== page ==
A. The passengers on the Mavi Marmara are never described in terms accepted as accurate by the those having a humane understanding of the Gaza blockade. They are never humanitarian aid activists, the are never passengers on a ship in international waters. They are either "terrorists" or "rioters" who had pre-planned an "attack" on the Israeli commandoes! Now, of course, this is the sort of thing soldiers do. They have to defame those they are attacking in order to justify the inevitable violence. That is part of the box they live in. Sometimes the other side might be doing the same thing back to them, but that is not the point. The point is that what average soldiers see as real is not based on any effort to understand the situation from a humane perspective. Reality is simply a tactical issue. That is why most of them can usually live with all that "collateral damage" they cause.
B. They thought it was going to be just like Bil’in and so wanted to wear their "ceremonial uniforms" and "engage the passengers in conversation." What the heck is that all about? First of all, Israeli soldiers don’t spend their time at Bil’in "engaging the [protestors] in conversation." They use real violence. Those "rubber bullets" are really steel pellets with a black vinyl coating. And, they have this curious habit of firing the tear gas canisters at the protestors’ heads. But then the Israeli navy does not operate at Bil’in, so maybe the naval planners and investigators really think that Bil’in is the site of some sort of civilized debating club.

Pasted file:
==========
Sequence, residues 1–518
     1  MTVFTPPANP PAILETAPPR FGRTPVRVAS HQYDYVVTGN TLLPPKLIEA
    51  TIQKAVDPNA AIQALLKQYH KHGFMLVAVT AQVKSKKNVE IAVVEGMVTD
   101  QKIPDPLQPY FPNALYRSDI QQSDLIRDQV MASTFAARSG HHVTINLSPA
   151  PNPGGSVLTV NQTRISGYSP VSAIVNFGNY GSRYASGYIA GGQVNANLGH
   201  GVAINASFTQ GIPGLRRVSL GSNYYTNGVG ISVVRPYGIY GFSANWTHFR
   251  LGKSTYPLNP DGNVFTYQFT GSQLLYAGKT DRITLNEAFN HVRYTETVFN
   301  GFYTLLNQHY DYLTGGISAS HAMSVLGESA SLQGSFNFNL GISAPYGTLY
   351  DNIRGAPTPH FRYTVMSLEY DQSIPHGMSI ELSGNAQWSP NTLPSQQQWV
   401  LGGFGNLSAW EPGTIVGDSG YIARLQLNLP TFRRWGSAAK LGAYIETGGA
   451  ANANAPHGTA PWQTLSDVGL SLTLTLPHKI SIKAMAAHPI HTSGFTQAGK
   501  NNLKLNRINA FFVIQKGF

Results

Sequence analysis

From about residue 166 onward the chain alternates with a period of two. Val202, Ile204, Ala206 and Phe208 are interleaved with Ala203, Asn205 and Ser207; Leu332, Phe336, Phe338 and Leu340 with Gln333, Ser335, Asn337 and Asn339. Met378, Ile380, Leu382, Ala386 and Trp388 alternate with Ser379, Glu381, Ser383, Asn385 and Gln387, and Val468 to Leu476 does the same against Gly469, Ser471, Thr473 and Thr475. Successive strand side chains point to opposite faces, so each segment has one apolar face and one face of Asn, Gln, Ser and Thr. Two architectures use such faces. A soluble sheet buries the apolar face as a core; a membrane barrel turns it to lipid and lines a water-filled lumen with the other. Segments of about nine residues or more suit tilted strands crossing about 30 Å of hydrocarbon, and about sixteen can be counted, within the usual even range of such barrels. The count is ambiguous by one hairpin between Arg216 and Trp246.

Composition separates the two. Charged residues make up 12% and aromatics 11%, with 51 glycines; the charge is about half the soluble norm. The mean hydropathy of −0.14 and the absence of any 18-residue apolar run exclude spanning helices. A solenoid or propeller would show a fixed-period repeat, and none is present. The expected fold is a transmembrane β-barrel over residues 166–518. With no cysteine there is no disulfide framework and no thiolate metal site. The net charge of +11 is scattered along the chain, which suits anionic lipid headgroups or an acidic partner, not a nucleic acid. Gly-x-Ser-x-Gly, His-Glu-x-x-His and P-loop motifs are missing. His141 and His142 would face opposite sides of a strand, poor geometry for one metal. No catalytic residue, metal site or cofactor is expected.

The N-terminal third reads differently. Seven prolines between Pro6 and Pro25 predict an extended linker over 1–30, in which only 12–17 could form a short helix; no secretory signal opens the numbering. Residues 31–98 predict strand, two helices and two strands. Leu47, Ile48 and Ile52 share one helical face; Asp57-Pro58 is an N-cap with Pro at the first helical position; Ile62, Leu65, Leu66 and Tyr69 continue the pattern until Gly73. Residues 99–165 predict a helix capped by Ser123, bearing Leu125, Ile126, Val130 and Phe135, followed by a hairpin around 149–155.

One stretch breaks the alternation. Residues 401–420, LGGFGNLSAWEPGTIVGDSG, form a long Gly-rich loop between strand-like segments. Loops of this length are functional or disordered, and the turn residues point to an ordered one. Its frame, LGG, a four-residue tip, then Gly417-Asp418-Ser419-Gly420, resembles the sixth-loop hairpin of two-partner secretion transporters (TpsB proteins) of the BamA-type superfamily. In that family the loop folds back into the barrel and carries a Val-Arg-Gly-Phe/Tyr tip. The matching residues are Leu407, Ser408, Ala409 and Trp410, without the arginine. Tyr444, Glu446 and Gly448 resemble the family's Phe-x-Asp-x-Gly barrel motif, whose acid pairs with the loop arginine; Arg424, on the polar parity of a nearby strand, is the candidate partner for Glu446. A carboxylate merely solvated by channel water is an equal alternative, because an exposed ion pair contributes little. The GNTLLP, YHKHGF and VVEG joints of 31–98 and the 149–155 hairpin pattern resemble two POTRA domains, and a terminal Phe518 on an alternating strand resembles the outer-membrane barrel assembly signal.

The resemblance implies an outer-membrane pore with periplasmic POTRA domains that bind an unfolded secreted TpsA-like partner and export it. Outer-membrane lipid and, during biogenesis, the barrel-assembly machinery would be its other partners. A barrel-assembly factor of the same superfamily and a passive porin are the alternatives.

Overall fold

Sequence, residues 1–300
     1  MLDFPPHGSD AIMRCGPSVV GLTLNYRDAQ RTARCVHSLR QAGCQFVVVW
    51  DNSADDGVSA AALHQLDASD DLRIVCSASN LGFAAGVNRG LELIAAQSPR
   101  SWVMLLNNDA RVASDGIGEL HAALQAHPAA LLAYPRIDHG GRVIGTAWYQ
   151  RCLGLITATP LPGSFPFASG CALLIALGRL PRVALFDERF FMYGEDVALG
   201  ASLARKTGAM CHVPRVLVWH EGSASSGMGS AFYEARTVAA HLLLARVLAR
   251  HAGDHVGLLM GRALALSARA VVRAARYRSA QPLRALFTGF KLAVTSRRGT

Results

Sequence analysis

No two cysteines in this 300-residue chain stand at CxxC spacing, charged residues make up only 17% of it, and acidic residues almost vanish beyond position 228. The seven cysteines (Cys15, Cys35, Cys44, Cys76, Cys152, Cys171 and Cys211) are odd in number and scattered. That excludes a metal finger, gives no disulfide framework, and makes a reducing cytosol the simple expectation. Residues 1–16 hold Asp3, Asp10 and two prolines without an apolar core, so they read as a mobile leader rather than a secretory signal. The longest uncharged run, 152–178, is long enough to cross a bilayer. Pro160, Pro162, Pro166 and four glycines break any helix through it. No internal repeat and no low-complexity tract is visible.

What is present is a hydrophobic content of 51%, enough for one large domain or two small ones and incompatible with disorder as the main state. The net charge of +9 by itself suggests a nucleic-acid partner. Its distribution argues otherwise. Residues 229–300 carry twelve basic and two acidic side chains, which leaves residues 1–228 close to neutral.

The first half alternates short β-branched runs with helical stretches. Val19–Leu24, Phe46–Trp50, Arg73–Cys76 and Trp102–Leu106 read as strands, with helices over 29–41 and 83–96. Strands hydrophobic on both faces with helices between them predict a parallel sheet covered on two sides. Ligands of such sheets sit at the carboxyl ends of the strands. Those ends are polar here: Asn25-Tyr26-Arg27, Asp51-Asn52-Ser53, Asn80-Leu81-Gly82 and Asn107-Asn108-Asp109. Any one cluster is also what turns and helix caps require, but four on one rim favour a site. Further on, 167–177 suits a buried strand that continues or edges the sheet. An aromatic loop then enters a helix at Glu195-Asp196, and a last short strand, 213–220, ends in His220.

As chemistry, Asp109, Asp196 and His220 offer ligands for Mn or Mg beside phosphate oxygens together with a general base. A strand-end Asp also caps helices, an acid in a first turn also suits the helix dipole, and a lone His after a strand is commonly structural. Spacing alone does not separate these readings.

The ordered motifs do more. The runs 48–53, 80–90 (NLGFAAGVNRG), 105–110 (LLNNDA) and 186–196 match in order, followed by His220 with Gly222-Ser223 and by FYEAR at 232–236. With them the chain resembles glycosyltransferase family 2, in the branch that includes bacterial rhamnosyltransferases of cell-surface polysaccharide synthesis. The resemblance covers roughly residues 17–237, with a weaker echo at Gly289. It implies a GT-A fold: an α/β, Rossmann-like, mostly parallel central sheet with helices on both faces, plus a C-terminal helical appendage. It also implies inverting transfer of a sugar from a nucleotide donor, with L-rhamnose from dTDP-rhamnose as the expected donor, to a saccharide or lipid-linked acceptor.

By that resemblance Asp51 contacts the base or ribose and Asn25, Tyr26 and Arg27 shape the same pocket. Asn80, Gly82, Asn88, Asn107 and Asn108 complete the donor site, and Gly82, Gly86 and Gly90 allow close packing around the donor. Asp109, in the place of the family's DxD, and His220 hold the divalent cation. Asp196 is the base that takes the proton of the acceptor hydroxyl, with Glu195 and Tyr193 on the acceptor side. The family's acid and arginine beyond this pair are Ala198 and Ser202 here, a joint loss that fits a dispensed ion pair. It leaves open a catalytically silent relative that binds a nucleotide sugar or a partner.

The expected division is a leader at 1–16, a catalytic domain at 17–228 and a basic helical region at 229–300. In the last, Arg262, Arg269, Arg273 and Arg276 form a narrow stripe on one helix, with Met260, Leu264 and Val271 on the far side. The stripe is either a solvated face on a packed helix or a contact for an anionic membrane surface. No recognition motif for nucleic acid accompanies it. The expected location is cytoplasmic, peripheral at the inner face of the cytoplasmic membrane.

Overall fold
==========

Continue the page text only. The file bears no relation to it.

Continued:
C. The notion that the commandoes were in any way justified in their actions, or that their officers and government were justified, can only be believed if you discount international law. That is, at the very least, the Mavi Marmara was sailing in international waters when it was attacked by the Israeli navy. Since the Israel government has long ago concluded that international law is just for sissies, it should come as no surprise that their soldiers did not give it much thought. But it is more basic than that. Very few soldiers, the world over, give the law much thought. And, when I make this assertion I am not just referring to international law. I mean they don’t give much thought to any kind of law.
I once spent a semester teaching a history course on an American army base. It was a revealing experience. During that time the following sort of scenario repeated itself over and again. If you were in a room with privates you could hold a relatively normal conversation. If a sergeant entered the privates almost immediately deferred to his opinion. If a lieutenant entered the room both the privates and the sergeant would then defer to the opinion of the lieutenant and so on it would go. Of course, this was not necessarily true if what you happen to be talking about was the food in the cafeteria. However, it always was true if you were talking about the Viet Nam War that was waging at the time. And none of them, under any circumstance, would talk about the issue of international law relative to that war, or the notion that President Johnson might have misled the country into war. They were all trained to see the world from the military box. And, of course, to fear punishment if they strayed outside the box.
That’s the way it is with the honorable profession of soldiering. And, if you haven’t noticed, the civilians generally believe that this is what keeps their world safe.
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|Allen L. Jasson|
|William A. Cook|